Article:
CTM have focused on the issue of Cannabis: should it be legal?
Given the life-destroying nature that drugs both legal and otherwise can have, the issue of legalization is an understandably touchy subject. Speaking from a British perspective, the row over making cannabis legal isn’t as prominent over here as it is in places like the United States, where some states have chosen to decriminalise and subsequently commercialise weed through government approved dispensaries. This relatively liberal attitude towards weed is not mirrored over here in the UK, where cannabis is currently classified as a Class B drug. To put that in perspective, if caught in possession of cannabis you are able to face the same penalties as someone caught in possession of ketamine, amphetamines, or un-prescribed codeine, all arguably more dangerous drugs than weed.
The issue was last brought up in the British press after former deputy prime minister Nick Clegg backed a report that recommended legalising cannabis in the UK, arguing that the decriminalisation of the drug is ‘now inevitable’. A report by the Daily Telegraph suggested that a legal, taxed and regulated cannabis market in the UK could potentially be worth around £6.8 billion, money that this country sorely needs to be invested back in to hospitals and schools, especially as we prepare to leave the safety net of the European Union.
Arguments against legalisation are often rooted in the worry that making drugs readily available will create more addicts, however this viewpoint seems to work under the assumption that it will be a free market, instead of a strictly regulated and taxed industry, similar to the tobacco or alcohol trade. Legalisation would not mean that drug dealers would be free to sell their wares on the streets without fear of persecution – many drug advocacy groups point to the current cannabis market in North America as a basis for how it can be put in to practice responsibly. In the US, anyone wishing to set up a cannabis dispensary must apply to the government for a special license, customers must be over eighteen, and the growing, production, and transportation of the produce is strictly regulated and quality controlled to prevent dangerous strains being available to the public.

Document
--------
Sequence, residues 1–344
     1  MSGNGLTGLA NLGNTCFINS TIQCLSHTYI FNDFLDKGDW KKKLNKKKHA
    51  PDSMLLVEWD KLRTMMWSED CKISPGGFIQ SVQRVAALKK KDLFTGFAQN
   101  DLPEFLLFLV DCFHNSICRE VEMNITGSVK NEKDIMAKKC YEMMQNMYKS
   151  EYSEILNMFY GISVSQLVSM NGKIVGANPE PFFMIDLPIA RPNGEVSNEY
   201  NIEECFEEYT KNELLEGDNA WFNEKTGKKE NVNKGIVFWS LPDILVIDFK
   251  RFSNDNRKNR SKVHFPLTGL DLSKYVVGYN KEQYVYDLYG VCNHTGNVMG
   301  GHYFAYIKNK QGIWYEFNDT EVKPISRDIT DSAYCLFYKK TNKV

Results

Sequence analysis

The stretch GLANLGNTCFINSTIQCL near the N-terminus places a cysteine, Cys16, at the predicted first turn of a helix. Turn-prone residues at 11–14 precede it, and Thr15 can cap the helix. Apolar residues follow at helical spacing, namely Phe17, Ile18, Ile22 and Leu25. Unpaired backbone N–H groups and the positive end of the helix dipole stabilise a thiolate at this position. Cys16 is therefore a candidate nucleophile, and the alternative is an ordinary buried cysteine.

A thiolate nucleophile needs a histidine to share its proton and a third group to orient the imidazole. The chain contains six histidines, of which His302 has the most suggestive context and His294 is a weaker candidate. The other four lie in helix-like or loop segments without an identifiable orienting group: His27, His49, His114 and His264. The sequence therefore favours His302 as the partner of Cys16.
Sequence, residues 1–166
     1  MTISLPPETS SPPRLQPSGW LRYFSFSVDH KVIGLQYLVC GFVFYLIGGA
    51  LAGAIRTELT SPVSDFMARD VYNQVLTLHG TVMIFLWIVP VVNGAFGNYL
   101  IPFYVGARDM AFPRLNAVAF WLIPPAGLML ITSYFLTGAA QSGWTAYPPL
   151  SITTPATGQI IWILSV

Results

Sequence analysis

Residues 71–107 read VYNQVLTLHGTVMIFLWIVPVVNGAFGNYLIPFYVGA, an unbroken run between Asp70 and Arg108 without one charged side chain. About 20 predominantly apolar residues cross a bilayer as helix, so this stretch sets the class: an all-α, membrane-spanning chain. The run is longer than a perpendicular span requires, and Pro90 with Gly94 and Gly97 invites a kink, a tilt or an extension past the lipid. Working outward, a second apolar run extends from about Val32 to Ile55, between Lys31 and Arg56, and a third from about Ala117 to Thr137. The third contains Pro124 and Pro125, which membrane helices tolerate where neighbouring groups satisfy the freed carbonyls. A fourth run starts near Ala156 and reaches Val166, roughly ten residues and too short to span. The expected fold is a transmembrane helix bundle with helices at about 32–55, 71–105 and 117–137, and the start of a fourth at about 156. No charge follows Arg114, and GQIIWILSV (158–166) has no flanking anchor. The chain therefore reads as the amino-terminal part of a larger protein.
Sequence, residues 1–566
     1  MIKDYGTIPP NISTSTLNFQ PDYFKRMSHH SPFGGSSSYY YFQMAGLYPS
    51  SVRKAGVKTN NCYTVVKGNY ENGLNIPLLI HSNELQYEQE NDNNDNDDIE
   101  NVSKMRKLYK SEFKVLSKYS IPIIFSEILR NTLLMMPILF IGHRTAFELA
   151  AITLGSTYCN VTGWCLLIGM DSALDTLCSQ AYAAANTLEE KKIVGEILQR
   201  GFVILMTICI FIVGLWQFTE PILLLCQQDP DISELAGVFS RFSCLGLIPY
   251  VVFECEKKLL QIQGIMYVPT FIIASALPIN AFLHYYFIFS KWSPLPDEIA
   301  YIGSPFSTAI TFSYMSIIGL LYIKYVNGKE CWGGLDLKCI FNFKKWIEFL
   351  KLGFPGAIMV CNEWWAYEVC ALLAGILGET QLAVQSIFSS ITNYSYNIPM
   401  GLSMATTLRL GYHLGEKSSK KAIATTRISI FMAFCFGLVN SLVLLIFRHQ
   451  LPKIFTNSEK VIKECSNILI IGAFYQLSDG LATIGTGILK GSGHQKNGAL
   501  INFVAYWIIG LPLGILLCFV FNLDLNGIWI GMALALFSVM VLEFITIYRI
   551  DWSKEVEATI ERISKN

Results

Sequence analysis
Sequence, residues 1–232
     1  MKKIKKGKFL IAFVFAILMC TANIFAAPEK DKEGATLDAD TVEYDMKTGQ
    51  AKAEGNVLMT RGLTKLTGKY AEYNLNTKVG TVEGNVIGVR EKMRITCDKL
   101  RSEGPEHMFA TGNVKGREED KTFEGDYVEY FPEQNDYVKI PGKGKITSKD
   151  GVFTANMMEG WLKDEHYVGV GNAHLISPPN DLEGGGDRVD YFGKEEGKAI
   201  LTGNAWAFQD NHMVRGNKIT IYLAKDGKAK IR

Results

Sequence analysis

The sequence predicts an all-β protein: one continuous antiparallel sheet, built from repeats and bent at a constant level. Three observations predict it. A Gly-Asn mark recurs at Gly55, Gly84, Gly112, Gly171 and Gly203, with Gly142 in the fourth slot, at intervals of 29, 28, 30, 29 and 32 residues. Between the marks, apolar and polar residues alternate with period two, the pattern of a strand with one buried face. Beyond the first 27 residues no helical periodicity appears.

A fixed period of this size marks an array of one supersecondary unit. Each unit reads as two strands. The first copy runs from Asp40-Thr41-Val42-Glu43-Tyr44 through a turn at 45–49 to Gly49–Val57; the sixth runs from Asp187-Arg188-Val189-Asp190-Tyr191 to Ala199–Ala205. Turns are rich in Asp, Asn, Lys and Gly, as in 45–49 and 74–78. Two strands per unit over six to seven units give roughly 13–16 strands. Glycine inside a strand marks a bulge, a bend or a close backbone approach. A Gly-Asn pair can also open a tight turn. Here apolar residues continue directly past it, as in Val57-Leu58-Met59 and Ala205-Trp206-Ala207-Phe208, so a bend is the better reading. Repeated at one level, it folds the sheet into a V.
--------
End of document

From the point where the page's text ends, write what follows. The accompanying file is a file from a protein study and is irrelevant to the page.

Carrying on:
Not only could the taxation of the drug help to add more money to Britains coffers, but it would also help to ease the strain of our prison system, with around 1,350 people in prison for cannabis related offences. Handing out criminal records for cannabis possession can lead to a vicious cycle that prevents people from being able to find employment, possibly then leading to crime and more drug use.
Cannabis has often been referred to as a ‘gateway drug’ and may encourage consumers to try harder, more harmful drugs, however it can be argued that the same is true for alcohol – people harm themselves by drinking every day and there are very few actual laws in place to prevent this. There are of course health risks when it comes to cannabis but these are not much different to smoking regular tobacco, which is legal.
A valid area of concern with legalising cannabis is the issue of driving under the influence. Police now have the ability to test drivers for cannabis at the roadside, which makes catching those driving under the influence of drugs easier to convict, however they have to have a reason to pull those people over in the first place. If cannabis is more readily available it stands to reason that the number of people driving under the influence will also rise. However, you could argue that just with alcohol, it is up to consumer to be responsible with their use, and the regulation of the industry will help prevent cannabis being sold to people who have proved themselves to be irresponsible with it.
In summary, cannabis use is prevalent in the UK, and it will be whether the drug is legal or not. As long as it will be sold, as long as people want to smoke it, it makes sense to at least ensure that it is done properly, responsibly, and to the greater benefit of everyone.